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  10. Funny enough, my human (who knows virtually nothing about plants) recognized the hemp! Even though she won't go near it either. I'm more interested in the bug and I'm looking forward to hearing more about it... although you probably did not taste it like I would have!

    BTW, thanks so much for voting for me! I am trying to get as many votes as I can - it's a tough competition!

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    1. It may be a tasty bug, but I'm not sure it would taste the same to me as it would to you. :)

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  11. Bull thistle is pretty ubiquitous in northern climates. The marijuana plants escaped from when farmers used to grow hemp for many products. These varieties were pretty much free of THC the ingredient that marijuana is known for.

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    1. I hope these are the ones with no THC. That would explain why no other people seem to get too excited about them.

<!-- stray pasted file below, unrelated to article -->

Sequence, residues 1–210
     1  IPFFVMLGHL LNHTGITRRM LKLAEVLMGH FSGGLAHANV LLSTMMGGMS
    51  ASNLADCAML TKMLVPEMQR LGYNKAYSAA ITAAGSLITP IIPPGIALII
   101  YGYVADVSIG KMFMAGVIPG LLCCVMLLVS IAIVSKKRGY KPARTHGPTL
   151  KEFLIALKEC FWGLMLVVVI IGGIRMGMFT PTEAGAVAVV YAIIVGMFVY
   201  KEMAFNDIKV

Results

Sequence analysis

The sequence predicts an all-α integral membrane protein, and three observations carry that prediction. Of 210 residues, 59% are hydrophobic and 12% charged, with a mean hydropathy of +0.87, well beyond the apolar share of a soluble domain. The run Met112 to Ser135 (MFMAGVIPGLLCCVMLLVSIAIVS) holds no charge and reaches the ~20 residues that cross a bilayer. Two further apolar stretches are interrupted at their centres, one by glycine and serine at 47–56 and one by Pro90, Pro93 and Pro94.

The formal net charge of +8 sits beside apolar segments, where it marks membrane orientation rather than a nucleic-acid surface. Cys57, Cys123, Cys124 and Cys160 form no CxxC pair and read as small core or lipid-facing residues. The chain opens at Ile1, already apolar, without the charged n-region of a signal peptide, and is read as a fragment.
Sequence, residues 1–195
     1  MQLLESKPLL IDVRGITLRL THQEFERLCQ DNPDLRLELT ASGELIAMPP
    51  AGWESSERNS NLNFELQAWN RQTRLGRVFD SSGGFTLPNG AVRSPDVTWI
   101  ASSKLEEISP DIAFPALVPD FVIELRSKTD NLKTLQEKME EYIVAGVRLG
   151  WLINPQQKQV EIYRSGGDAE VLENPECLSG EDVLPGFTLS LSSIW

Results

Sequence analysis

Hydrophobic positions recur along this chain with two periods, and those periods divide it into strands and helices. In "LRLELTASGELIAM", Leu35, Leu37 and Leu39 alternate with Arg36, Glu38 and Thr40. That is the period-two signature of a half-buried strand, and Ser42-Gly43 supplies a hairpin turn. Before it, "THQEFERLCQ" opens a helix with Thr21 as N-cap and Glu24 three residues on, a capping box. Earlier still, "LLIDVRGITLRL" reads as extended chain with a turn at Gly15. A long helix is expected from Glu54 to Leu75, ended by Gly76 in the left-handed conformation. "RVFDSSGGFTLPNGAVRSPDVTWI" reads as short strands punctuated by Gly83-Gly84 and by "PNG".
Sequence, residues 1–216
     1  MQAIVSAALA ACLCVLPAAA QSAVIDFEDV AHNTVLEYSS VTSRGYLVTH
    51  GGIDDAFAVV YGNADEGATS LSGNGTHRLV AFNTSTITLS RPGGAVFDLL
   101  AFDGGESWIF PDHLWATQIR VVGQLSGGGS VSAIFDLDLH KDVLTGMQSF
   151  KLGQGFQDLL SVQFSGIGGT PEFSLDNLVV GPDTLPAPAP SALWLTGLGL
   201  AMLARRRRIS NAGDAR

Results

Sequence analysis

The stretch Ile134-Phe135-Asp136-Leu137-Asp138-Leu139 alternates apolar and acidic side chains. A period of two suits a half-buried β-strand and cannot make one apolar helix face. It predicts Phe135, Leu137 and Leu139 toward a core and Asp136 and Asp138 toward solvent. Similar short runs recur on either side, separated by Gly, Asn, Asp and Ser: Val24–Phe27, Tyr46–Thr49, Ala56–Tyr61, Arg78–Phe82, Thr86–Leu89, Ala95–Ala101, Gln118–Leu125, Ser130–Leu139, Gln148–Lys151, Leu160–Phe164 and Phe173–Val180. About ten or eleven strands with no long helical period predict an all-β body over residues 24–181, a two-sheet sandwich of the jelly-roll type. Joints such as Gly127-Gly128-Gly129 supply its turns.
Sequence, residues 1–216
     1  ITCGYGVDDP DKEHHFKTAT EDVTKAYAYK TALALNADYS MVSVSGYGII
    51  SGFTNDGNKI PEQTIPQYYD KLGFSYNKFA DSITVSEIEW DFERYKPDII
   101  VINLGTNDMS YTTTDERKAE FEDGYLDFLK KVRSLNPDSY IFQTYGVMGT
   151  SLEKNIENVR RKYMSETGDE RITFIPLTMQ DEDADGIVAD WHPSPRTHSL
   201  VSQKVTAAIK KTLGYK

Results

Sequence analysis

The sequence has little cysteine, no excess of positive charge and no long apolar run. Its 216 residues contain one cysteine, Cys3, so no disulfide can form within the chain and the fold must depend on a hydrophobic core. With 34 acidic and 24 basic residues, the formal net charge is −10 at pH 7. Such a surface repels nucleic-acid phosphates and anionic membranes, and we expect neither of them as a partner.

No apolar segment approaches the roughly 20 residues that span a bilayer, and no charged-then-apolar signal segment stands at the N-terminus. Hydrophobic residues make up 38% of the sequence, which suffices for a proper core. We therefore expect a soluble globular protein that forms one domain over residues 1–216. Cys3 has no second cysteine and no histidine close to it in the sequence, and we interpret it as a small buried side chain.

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  12. There are so many information about Bull Thistle.

    These leak the secret of your next post.

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    1. I will indeed have to learn more about bull thistle now. One of my future posts might just talk at length about it.

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  13. i always just call them thistle since i find it hard to distinguish the different kind of thistles, and we do have a lot of them here too. hope you get to enjoy knowing more plants before they hibernate or get buried in the snow.

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    1. I hope I can learn more about plants before they go away too. It's getting cold really fast all of a sudden.